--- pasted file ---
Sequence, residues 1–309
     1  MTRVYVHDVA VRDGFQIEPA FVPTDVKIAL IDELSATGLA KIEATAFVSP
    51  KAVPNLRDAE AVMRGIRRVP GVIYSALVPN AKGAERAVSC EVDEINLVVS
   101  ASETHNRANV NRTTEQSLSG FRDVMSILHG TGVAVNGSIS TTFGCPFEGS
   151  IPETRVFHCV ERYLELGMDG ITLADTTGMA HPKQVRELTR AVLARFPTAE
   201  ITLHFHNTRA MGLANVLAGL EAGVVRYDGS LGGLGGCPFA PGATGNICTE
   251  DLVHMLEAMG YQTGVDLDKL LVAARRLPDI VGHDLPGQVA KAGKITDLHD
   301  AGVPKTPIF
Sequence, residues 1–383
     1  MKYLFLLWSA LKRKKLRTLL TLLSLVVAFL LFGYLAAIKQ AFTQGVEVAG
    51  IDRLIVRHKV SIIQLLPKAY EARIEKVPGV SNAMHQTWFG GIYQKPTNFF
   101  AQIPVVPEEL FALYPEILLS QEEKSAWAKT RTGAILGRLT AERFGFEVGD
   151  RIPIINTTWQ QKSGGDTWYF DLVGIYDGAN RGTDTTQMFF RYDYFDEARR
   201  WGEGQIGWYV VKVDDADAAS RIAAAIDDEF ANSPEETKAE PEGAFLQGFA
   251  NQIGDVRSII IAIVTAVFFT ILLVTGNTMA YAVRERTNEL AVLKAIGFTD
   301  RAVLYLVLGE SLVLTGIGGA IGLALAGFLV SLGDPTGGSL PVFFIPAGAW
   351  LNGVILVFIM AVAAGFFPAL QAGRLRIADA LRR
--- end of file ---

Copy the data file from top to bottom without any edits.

Sequence, residues 1–309
     1  MTRVYVHDVA VRDGFQIEPA FVPTDVKIAL IDELSATGLA KIEATAFVSP
    51  KAVPNLRDAE AVMRGIRRVP GVIYSALVPN AKGAERAVSC EVDEINLVVS
   101  ASETHNRANV NRTTEQSLSG FRDVMSILHG TGVAVNGSIS TTFGCPFEGS
   151  IPETRVFHCV ERYLELGMDG ITLADTTGMA HPKQVRELTR AVLARFPTAE
   201  ITLHFHNTRA MGLANVLAGL EAGVVRYDGS LGGLGGCPFA PGATGNICTE
   251  DLVHMLEAMG YQTGVDLDKL LVAARRLPDI VGHDLPGQVA KAGKITDLHD
   301  AGVPKTPIF
Sequence, residues 1–383
     1  MKYLFLLWSA LKRKKLRTLL TLLSLVVAFL LFGYLAAIKQ AFTQGVEVAG
    51  IDRLIVRHKV SIIQLLPKAY EARIEKVPGV SNAMHQTWFG GIYQKPTNFF
   101  AQIPVVPEEL FALYPEILLS QEEKSAWAKT RTGAILGRLT AERFGFEVGD
   151  RIPIINTTWQ QKSGGDTWYF DLVGIYDGAN RGTDTTQMFF RYDYFDEARR
   201  WGEGQIGWYV VKVDDADAAS RIAAAIDDEF ANSPEETKAE PEGAFLQGFA
   251  NQIGDVRSII IAIVTAVFFT ILLVTGNTMA YAVRERTNEL AVLKAIGFTD
   301  RAVLYLVLGE SLVLTGIGGA IGLALAGFLV SLGDPTGGSL PVFFIPAGAW
   351  LNGVILVFIM AVAAGFFPAL QAGRLRIADA LRR